Jasin notes as an example Carl Patterson of Robbinsville in Graham County, who estimated in his application that his $2,500 grant could generate $11,000 in two years.

Patterson stopped growing tobacco in 2003. He also had sold off his dairy calves but held on to vegetables and honey. He’s now raising Boer goats, bought with his grant. The grant also funded his purchase of fencing to ensure pasture rotations, as well as goat care and breeding expenses.

In Haywood County, Hawk and Jasin confer with Donald Smart (center), who has diversified from tobacco to organic tomatoes and peppers on his family’s farm.
In Haywood County, Hawk and Jasin confer with Donald Smart (center), who has diversified from tobacco to organic tomatoes and peppers on his family's farm.
(Photo by Art Latham)
Joe Miller of Green Mountain in Yancey County estimated a $15,500 two-year return on his investment in biodiesel fuel produced with used processed cooking oils from local restaurants. He and a business partner intend to heat two commercial greenhouses and may operate farm equipment with the product.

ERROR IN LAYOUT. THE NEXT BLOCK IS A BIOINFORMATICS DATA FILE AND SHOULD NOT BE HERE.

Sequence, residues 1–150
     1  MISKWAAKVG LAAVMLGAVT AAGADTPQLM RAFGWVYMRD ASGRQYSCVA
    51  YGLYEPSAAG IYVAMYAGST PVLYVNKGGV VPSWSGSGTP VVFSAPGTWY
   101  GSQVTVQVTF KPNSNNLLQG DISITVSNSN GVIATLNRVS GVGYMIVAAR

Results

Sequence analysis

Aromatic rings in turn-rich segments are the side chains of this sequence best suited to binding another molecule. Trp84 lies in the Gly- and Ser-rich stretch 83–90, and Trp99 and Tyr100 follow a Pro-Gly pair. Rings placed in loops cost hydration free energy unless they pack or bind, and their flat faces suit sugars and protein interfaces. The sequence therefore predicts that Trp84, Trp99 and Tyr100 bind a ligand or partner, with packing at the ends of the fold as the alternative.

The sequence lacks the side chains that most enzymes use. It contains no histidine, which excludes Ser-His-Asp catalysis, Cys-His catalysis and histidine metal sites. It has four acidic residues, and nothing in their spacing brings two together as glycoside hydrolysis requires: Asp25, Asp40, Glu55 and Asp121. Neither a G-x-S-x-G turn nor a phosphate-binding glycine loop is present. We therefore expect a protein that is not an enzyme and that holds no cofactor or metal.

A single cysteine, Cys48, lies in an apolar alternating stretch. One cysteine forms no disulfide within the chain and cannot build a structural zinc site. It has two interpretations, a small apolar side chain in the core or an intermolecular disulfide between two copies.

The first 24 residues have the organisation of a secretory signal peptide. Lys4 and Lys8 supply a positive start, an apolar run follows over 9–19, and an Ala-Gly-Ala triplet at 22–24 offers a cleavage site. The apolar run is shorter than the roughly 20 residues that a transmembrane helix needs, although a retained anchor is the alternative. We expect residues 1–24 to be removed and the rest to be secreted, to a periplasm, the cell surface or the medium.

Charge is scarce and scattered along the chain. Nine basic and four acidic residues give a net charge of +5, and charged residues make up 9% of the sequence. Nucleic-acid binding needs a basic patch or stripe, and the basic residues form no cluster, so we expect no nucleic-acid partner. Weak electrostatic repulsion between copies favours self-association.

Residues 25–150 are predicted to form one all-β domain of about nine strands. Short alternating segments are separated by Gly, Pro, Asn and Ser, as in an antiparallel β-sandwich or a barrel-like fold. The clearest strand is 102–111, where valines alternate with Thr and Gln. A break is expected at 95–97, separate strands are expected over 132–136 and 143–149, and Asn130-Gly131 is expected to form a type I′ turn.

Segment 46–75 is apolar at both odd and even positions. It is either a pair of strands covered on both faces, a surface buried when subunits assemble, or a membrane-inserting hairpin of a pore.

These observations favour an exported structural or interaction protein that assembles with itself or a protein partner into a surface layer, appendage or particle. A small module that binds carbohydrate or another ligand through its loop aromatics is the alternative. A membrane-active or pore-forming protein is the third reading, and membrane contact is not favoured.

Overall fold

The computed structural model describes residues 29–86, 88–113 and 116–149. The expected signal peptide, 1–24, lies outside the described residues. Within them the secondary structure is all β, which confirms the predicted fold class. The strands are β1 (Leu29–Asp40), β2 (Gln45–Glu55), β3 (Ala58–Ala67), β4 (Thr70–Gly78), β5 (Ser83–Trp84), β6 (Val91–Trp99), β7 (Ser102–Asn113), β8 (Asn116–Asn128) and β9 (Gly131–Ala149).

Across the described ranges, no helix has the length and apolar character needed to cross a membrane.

And by producing hydroponic tomatoes during high-demand periods — as well as herbs, bedding plants, hanging baskets and nursery plants — in their grant-improved greenhouse, Doyle and Janet Mull of Sylva in Jackson County expect a $67,000 two-year gross. “We intend to base our total income on this project,” Doyle Mull says in his application.

Donald Smart of Clyde in Haywood County fielded 50 tobacco acres every year from 1996 to 2003. Smart, an N.C. State University graduate in horticulture, said tobacco helped him survive full-time farming for 30 years with no outside income. “Now that’s being taken from me and I need something to replace lost income if I continue to survive on the farm full-time,” Smart says.

To do that, he’s planted two acres of organic tomatoes and an acre of organic peppers on his family’s farm. He expects a first-year return of $48,000, if the rain lets up and he can find a reliable market.